Bharatpur, Deeg: "Birding at The Bagh"

Bharatpur, Rajasthan


February 17, 2007


Dear Friends and Fellow Bird Watchers,

One chilly, shivering evening last week at the open-air rooftop restaurant of my hotel, the Hotel Sri Nanak Continental (don't let the name fool you), smack in the middle of the incessantly beeping - beeping - honking - honking - beeping - honking - beeping - beeping - beeping and barking! automotive parts supply shop district of New Delhi, I met Penny and John, travelers from England who were pleased to sell me their guidebook Special Places To Stay - India.

My next destination is Bharatpur, just west of Agra. My first "special" choice, The Laxmi Vilas Palace, is fully booked. So here I am at The Bagh.

The guidebook reports:

Set in 200-year-old walled pleasure gardens, this place oozes calm and serenity. Rooms are spread across three white sandstone buildings, some as old as the garden - tranquil spaces of Mughal arches, verandas and inlaid marble floors. Bedrooms are elegant and cool with hand-crafted furniture, luxurious silk bed covers and five-star marbled bathrooms. There are quiet patios to retire to, and ten acres of flowering plants and fruit trees to get lost in. A luxury chill-out close to nature with ecological leanings.

A truly true description. I chill-out for two days. My respite from the madness out there. And the elephantine bathtub alone is worth the jumbo guest room rate.

Serious bird-lovers head for neighboring Keoladeo National Park. 350 different species. I order a serious coffee as I bird-watch from the patio of the restaurant.

First I spy a pair of gray birds with black stripes, waddling about on tiny red legs. Let's see. Pigeons. Definitely pigeons. Then a flight of black birds cawing up in the trees. Let me think. Crows, yes, surely crows. Then a gaggle of flightless birds with a red comb, scratching about in the sand. Obviously. Roosters. Anybody knows that.

The next day I am up for a dawn photo shoot. I snap a few birds in the trees but their identity is beyond my ken.

I confer with a young couple with jumbo sized binoculars. Serious folks. I describe my astute ornithological observations to them. They confirm yesterday's designations -- with some modifications. The pigeons are "rock pigeons." The crows are "black billed crows." The roosters are, well, "roosters." They add that if I want to observe real wild roosters I would have to trek out with them to the jungle. I thank them and order another coffee.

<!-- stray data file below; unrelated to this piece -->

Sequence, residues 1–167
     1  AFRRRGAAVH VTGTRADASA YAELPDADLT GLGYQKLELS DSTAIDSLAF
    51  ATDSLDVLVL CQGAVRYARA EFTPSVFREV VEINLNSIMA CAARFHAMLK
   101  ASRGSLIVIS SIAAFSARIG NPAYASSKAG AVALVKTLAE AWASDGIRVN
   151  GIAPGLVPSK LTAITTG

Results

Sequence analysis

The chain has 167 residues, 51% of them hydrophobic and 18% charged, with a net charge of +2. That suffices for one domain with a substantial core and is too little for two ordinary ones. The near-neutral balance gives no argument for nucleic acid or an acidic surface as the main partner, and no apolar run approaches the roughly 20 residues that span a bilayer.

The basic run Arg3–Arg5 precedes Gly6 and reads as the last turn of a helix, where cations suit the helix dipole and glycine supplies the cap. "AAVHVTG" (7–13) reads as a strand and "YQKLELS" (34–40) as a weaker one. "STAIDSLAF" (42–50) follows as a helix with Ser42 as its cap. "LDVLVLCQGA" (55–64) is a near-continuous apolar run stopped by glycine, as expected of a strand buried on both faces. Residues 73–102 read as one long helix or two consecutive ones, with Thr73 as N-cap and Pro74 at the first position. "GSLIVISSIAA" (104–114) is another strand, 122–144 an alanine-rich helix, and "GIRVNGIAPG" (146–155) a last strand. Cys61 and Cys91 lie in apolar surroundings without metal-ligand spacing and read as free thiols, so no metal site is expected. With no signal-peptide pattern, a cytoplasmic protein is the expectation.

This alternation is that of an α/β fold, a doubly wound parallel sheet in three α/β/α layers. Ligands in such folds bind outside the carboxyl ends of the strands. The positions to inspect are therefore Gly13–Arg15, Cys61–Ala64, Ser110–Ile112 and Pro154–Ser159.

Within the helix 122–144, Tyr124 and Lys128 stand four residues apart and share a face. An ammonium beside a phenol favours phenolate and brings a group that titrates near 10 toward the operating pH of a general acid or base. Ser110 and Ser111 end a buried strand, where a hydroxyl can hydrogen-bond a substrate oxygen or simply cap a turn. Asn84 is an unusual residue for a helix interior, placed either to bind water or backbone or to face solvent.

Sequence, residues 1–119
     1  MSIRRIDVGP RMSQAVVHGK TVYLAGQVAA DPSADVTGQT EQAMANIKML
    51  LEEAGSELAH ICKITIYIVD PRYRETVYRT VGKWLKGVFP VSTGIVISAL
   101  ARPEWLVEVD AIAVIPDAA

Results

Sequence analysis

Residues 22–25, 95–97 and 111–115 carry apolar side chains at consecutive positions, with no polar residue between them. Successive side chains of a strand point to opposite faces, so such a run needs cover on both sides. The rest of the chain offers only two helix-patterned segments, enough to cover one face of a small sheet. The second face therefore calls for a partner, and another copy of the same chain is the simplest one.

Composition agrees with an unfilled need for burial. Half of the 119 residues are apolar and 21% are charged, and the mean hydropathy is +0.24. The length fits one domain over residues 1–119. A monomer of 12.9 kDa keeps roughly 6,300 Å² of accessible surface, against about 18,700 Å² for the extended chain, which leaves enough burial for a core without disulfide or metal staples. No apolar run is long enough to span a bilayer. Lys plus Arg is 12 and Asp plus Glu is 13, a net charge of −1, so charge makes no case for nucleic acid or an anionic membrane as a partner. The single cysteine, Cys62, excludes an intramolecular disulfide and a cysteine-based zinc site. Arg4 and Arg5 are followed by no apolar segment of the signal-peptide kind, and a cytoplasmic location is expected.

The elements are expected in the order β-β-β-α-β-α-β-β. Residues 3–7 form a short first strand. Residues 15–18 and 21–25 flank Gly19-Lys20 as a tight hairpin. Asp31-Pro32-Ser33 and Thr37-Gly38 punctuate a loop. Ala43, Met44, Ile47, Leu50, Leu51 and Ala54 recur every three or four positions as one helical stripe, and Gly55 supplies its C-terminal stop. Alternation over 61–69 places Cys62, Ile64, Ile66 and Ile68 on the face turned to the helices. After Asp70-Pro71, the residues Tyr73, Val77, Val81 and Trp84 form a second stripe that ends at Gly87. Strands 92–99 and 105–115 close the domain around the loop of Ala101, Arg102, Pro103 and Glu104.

And then I go to lunch.

The bright dining room is "like an elaborate summer house." A drop ceiling with chandeliers; elegant window shades cover arched glass windows; sculpted walls.

Today's Lunch Menu:

  • Tomato Soup
  • Fried fish
  • Chicken Lababdar
  • Metha Kaddu
  • Dum Aloo
  • Mater Masala
  • Dal Palak
  • Lemon Rice
  • Naan Roti Missi
  • Gajar Halwa
  • Tea-Coffee

The Host helps me with the selections:

The Tomato Soup is made from thick tomato stock of creamed vegetables.

The Fried Fish is crisp.

The Chicken Lababdar is de-boned and marinated, buttered chicken with lemon, yogurt and garlic cooked with butter and tomatoes.

Metha Kaddu is young green pumpkin sauteed with fenugreek seeds.

Dum Aloo. Potato filled with cottage cheese, reduced milk, dried fruits, cooked in tomato gravy-oil, onion, tomato paste, ginger paste, bay leaf or cloves.

Mater Massala. Peas boiled and cooked with chopped onion and tomato and seasoning.

Dal Palak. Boiled lentils, oil, cumin seed, tomato, onion, ground spinach, fenugreek, spring onion.

Naan Roti Missi. Bread of whole wheat flour and chickpea flour. 70/30.

Gajar Halwa. Grated carrots, cooked in reduced milk with dried nuts and sugar and cardamom. (I had this for the first time on my Indian Airlines flight and I am happy to discover it again.)

I am stuffed, with guilt. Shall I just veg-out here with my birds and my coffee?

I call Suresh my driver and we are off to Deeg.

After a bumpy ride we arrive at a small, busy, dusty town. Deeg is off the tourist trail, so everyone stares at me and I smile and everyone smiles back. One little girl really stares and stares and seems enchanted by my presence.

I climb the massive walls of the old ruined fort. A group of cheerful schoolboys accompanies me to the top. The view is excellent. Ahead is the palace and the large square pools where dozens of women are beating their clothes into spotless submission.

I tour Suraj Mahl's Palace: spacious gardens, pavilions and the palace of Rajput and Mughal architectural styles. I am alone. It's quiet. Peaceful. Beautiful.

The palace is best known for the hundreds of fountains that are turned on for special festivals. The water is colored with paint. Deeg is on my "To Return List."

But for now, I return to The Bagh. My jumbo bathtub beckons.

I wonder what's on the Dinner Menu? Who can eat?

Hearty appetite,


PS As I walk down the garden path, a giant peacock struts along. Yes, I know a peacock when I see one. I guess he wasn't interested in me. His feathers remained at his side.

(Remember "Go to the Head of the Class" - the pre-Jeopardy children's quiz game? Here's a question: If you call a male peacock a peacock, what do you call the female?)

PPS On second thought, maybe my peacock is just a turkey. Any bird watchers out there?



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